Buyers Guide to VINTAGES – April 28th

The Pacific Northwest, Germany and Much More
By David Lawrason, with notes from John Szabo, Michael Godel and Sara d’Amato

David Lawrason

David Lawrason

There are two themes in VINTAGES April 28 release: wines of the Pacific Northwest (including B.C.), and wines of Germany. Both are potentially exciting features and goodness knows both regions can make great wines, but the WineAlign team found the selections rather underwhelming on this occasion. It is the same old story of VINTAGES buying to a specific, moderated $18 to $25 price point that takes a lot of the more interesting wines out of consideration. The problem hits American wines hard, as they are already battling difficult exchange rates.

I was primed for the Pacific Northwest selection following the terrific Oregon wine event in Toronto in mid-April, brilliantly conceived and executed by Toronto’s own Will Predhomme (also a WineAlign National Wine Awards judge). An in-depth terroir-based trade seminar moderated by our John Szabo highlighted differences in Oregon sub-apps (many of which feature volcanic soils, of course). Fans of Prince Edward County pinots, for example, will love the pinots from the Eola-Amity Hills AVA that get maximum Pacific cooling influence through a break in the coastal hills called the Van Duser Gap.

There is no doubt that Oregon – that now boasts almost 700 wineries and over 30,000 acres under vine (numbers virtually the same as all of Canada) – has built up a strong cache of leading-edge if notably expensive wines. There are in particular some great pinots and chardonnays being made – and they are drilling deeply into terroir. But none of VINTAGES offerings really caught that buzz, except for the intriguing Osoyoos-Larose 2014 from B.C.

Likewise, Germany is also hotbed of next generation of innovation, precision, terroir wines and great value! Not just with classic rieslings, but with the pinot family of grape varieties originating in Burgundy, like pinot noir (spatburgunder), pinot gris (grauerburgunder) and pinot blanc (weissburgunder) that prosper in the warmer Pfalz and Baden regions. VINTAGES six-wine selection acknowledges this trend, but again the offerings – all under $20 – are competent but hardly compelling. And so, people will try and buy, and not be particularly blown away, and not likely to return to the “category”. How on earth does Germany get ahead? Certainly the LCBO general list selection scrapes the bottom of the vat, none making the cut in the last annual Toronto Life Eating and Drinking Guide I compile every autumn.

Last week in Part One, John assembled a collection of mineral driven wines in recognition of a new book called “Vineyards, Rocks, and Soils: The Wine Lover’s Guide to Geology”. There are some hot picks in case you missed them. This week we offer some recommendations from the Pacific Northwest, Germany and other wines that caught our fancy.

Buyers Guide to VINTAGES April 28th

Pacific Northwest

Pearce-Predhomme 2016 Pinot Gris Yamhill-Newburg, Willamette Valley, Oregon, USA ($28.40 – Consignment)
John Szabo – I failed to find any Pacific North West wines to recommend in this themed release, but this wine, available in consignment, is surely worth a mention. The combination of a French winemaker with 30 years experience in the US, and the vision of Will Predhomme, a sommelier who knows what Willamette Pinot Gris should taste like, and importer Nicholas Pearce who knows what the markets wants and needs, have come together to create one of the best examples I’ve tasted in some time. It’s bone dry and succulent, but also fleshy and generous, with signature aromas of ripe citrus (orange, tangerine), apples and delicate florality. It’s exactly the kind of wine I often reach for in my cellar for its versatility at the table – no wood but lots of substance, richness and acids. (12/cs, Nicholas Pearce Wines)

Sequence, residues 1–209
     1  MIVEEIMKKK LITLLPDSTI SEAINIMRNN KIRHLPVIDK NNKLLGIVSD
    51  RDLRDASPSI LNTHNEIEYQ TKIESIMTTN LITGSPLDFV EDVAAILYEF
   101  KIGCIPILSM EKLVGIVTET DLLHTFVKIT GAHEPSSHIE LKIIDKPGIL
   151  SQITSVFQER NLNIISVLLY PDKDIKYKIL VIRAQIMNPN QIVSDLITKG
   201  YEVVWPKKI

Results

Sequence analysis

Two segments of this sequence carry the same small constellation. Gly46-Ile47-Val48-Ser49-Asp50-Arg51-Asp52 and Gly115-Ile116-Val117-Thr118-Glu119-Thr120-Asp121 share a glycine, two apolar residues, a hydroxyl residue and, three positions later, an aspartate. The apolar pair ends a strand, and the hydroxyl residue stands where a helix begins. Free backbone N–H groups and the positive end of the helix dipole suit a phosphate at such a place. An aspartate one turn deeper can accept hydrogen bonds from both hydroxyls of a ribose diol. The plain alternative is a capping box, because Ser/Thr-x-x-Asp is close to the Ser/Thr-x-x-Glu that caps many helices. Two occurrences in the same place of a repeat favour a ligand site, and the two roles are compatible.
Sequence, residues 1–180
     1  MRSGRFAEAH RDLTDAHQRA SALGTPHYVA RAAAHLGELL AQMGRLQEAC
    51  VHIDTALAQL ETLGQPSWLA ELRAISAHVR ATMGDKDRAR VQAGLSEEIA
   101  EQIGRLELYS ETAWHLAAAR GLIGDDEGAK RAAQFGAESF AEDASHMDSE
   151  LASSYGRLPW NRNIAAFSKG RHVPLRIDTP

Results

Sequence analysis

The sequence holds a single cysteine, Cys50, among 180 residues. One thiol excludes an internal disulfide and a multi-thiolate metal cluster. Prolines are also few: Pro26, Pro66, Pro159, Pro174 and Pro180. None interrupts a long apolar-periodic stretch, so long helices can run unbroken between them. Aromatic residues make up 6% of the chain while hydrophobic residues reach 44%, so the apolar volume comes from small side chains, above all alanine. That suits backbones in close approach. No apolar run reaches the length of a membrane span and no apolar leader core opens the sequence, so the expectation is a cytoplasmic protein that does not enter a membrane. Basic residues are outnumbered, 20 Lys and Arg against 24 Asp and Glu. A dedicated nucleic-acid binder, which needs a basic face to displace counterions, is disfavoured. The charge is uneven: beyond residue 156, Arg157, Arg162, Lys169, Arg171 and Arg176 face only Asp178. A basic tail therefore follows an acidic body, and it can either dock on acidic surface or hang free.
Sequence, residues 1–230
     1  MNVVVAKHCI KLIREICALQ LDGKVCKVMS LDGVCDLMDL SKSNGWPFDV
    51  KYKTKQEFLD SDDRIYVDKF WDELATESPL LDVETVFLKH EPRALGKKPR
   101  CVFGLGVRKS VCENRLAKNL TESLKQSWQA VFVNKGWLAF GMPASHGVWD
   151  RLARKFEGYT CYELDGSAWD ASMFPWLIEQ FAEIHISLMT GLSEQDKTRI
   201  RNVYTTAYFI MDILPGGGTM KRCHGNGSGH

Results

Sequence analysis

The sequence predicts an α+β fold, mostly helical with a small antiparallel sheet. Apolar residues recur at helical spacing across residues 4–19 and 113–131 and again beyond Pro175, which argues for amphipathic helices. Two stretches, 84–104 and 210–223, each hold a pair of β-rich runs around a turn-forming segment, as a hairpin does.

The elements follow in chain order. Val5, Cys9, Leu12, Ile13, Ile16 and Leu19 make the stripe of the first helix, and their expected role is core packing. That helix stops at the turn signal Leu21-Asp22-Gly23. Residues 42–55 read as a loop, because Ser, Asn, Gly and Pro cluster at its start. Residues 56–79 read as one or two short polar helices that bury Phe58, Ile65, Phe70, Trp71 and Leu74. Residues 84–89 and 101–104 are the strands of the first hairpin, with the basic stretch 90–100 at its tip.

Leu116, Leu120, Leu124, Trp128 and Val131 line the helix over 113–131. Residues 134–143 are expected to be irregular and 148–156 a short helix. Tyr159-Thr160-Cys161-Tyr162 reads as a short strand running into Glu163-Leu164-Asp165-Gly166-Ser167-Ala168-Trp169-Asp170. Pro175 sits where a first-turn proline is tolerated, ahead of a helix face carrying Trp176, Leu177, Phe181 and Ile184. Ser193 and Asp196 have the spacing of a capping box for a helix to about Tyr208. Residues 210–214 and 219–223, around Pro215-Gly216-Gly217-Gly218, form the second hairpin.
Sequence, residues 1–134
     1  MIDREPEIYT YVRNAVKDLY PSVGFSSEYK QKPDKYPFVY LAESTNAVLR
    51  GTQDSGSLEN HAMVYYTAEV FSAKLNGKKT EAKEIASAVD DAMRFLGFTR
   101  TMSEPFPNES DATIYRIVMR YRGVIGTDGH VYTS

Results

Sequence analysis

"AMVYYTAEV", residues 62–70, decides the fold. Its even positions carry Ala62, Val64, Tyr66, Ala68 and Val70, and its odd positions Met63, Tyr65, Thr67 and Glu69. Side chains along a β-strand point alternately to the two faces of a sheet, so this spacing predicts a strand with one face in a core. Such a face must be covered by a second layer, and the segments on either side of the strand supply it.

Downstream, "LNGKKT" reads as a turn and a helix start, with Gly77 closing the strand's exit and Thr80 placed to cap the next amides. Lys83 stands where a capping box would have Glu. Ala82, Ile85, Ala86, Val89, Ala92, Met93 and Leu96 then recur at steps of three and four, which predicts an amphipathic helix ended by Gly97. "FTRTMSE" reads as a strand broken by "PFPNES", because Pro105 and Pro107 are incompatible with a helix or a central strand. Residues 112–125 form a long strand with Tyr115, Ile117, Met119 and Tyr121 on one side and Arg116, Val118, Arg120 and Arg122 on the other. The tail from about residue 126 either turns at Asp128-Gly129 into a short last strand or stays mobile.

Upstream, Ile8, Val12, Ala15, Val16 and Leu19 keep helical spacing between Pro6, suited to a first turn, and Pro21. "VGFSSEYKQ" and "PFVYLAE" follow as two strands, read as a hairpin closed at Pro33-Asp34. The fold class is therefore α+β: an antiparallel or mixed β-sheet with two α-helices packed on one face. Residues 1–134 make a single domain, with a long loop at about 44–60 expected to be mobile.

Primarius 2015 Pinot Noir, Oregon ($29.95)
David Lawrason – Try this multi-regional blend for an overview of the Oregon pinot style, if lacking some depth and precision for $30. It is nicely composed with good ripeness showing in the cherry fruit. There are vaguely herbal, forest notes as well, with subtle oak spice. It is medium-full bodied, nicely balanced with good acidity and slightly bitter tannin.

Pearce Predhomme Première Cuvée Pinot Gris 2016Primarius Pinot Noir 2015Osoyoos Larose Le Grand Vin 2014Airfield Estate Syrah 2014

Osoyoos-Larose 2014 Le Grand Vin, Okanagan Valley, B.C. ($44.35)
David Lawrason – I have had this several times since the fall of 2017 and have had different impressions. But it is highly structured, firm and complex. In October it showed good youthful fruit and some suppleness wit cool currant-raspberry fruit, very nicely placed oak spice and vanillin, plus graphite minerality common to wines of this style. In April 2018 it seemed less fruited and more savoury. In any case it a serious, deep, cellaring wine.

Airfield Estate Syrah 2014, Yakima Valley, Washington ($26.95)
Michael Godel – Nearly 50 years have flown past since Airfield first established vines in the Yakima Valley. This syrah is a child of silt-loam soils and while there is an impression of pepper and meaty char it’s quite fluid, sapid and almost saline. In the end it’s really just a tidy glass of well made Washington State wine.


Sander 2016 Pinot Blanc Trocken, Pfalz, Germany ($14.95)
David Lawrason – This is understated but nicely balanced and well priced pinot blanc to give you a view into the style. It shows peach/apricot pit fruit and vaguely bready character on the nose. It is medium weight, dry (trocken), a bit fleshier (than German riesling) with some warmth and bready notes on the finish.

Sander Pinot Blanc Trocken 2016Brauneberger Juffer Sonnenuhr Riesling Spätlese 2014Weingut Tina Pfaffmann T No. 9 Riesling Trocken 2016Weingut Neiss That's Neiss White 2016

Dr. H. Thanisch Brauneberger Juffer-Sonnenuhr 2014 Riesling Spätlese, Mosel, Germany ($40.95)
John Szabo – German riesling, especially from the Mosel, must be among the most minerally wines in the world – one look at the steep, rocky, pure slate-covered hillsides is enough to conjure up non-fruit flavours in even the most die-hard anti-mineralist. This is a magnificent example, pure wet rock covered in wildflower honey. Flavour intensity on the palate is exceptional, as are length and depth. Best 2018-2029.

Weingut Tina Pfaffmann T No. 9 Riesling Trocken 2016, Pfalz ($19.95)
Michael Godel – Terrific energy and vitality exudes with confidence from the trocken-designate riesling by Tina and Rolf Pfaffman. It’s lime juicy substantial with riveting fruit meeting acidity.

Weingut Neiss 2016 That’s Neiss White, Pfalz, Germany ($24.95)